Friday, 23 September 2011
I have studiously avoided commenting on the Dale Farm saga up to now, but I was finally cornered by BBC Radio 5 Live to give a brief interview on air this morning. I should make it clear that I have no involvement with any of the parties to this dispute, and the sole reason for my being contacted by the BBC is that I am one of the people on the Law Society’s list of solicitors who are prepared to talk to the media on planning law issues.
I was asked first about the cost to the Council of pursuing this action, now amounting about £18 million. Was this a sensible use of public money? The obvious answer to this is that the Council really had no choice in the matter. Having decided that the serious breach of planning control which had occurred at Dale Farm could not be allowed to continue, the Council quite understandably served enforcement notices on the occupiers of the illegal encampment on the site. The eye-watering costs were incurred by the Council in responding to the resulting appeals and the subsequent legal proceedings pursued by the people against whom the Council is taking action. A local planning authority should not be deterred from enforcement action, if it has decided that it is in the public interest, just because it might prove to be expensive. If Councils were to back away from enforcement action for this reason, the planning system would break down and chaos would ensue.
I was also asked about the precedent effect of the Dale Farm case. In practice, in matters of this sort involving gipsy or traveller sites, each case is so different on its particular facts that no one case is likely to set a precise precedent. On the other hand, a failure on the part of a local authority to take action in such a case might well send out a signal which would encourage similar breaches of planning control in the future. In that sense, failure to act would set a very undesirable precedent.
I just had time on air to mention that one has some sympathy with gipsies and travellers, who have great difficulty in finding sites to station their caravans, due to the failure of planning authorities throughout the country to designate enough legal sites where they could go. This is a long-standing problem, which has not been helped by successive changes of mind on the issue on the part of central government. It is this factor which does not make it an automatic decision to take enforcement action in any particular case. A Council must balance the human rights of the site occupants with the general public interest, both in planning and environmental terms and in terms of maintaining the integrity of the development control system.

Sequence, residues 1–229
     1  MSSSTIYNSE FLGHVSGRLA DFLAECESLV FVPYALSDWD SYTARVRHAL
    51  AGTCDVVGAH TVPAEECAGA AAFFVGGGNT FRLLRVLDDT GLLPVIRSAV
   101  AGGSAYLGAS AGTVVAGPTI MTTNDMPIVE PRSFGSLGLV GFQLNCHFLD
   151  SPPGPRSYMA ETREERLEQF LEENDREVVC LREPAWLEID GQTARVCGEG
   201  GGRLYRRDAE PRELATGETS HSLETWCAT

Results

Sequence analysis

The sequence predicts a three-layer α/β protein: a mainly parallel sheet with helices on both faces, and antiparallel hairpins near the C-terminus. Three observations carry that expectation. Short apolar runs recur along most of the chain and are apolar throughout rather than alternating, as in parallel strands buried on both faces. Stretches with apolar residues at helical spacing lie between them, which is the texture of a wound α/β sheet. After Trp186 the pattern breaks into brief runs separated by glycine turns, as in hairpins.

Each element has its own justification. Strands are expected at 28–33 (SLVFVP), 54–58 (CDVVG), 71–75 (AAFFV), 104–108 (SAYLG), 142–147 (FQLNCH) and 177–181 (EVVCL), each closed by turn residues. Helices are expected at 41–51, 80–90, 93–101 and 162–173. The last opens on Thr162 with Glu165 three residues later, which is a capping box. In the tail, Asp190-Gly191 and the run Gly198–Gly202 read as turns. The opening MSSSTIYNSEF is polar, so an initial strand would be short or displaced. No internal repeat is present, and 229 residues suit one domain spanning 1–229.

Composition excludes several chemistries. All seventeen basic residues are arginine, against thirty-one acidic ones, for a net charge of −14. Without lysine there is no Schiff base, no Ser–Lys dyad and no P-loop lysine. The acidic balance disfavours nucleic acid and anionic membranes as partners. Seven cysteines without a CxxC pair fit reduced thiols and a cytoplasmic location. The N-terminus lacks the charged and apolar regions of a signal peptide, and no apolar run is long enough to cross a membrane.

The issue of human rights is much misunderstood. Human rights are important and do have to be taken into account, and I was pleased to hear the Deputy Prime Minster say in clear terms this week that the Human Rights Act is here to stay, no matter what some Tory backbenchers might prefer. But human rights are not an overriding factor in these cases. They have to be balanced against the wider public interest, and what planning inspectors and the courts have to decide is whether the action taken by a public body or authority which in principle breaches an individual’s human rights is proportionate in the circumstances. That is what today’s High Court hearing in the Dale Farm case is about, specifically in relation to the timing of the Council’s proposed physical eviction of the residents at Dale Farm in relation to various issues such as ill-health, the vulnerability of particular individuals and similar issues. Wednesday’s temporary injunction was simply necessary in order to preserve the current position until the claimants have had the opportunity to be heard by the court.
I have no intention of predicting what the outcome of today’s application will be, but the judge will no doubt weigh the issues very carefully, and the case could go either way depending on whether or not the judge feels that the immediate physical eviction of the claimants is proportionate in the circumstances. I strongly suspect that success on the part of the claimants in today’s hearing would not amount to outright victory, but would simply result in a stay while the particular needs of the claimants are addressed. The judge may, however, feel that the Council’s current intention to evict the claimants is proportionate in the circumstances and should be allowed to go ahead. We should know later today, or by early next week at the latest.
© MARTIN H GOODALL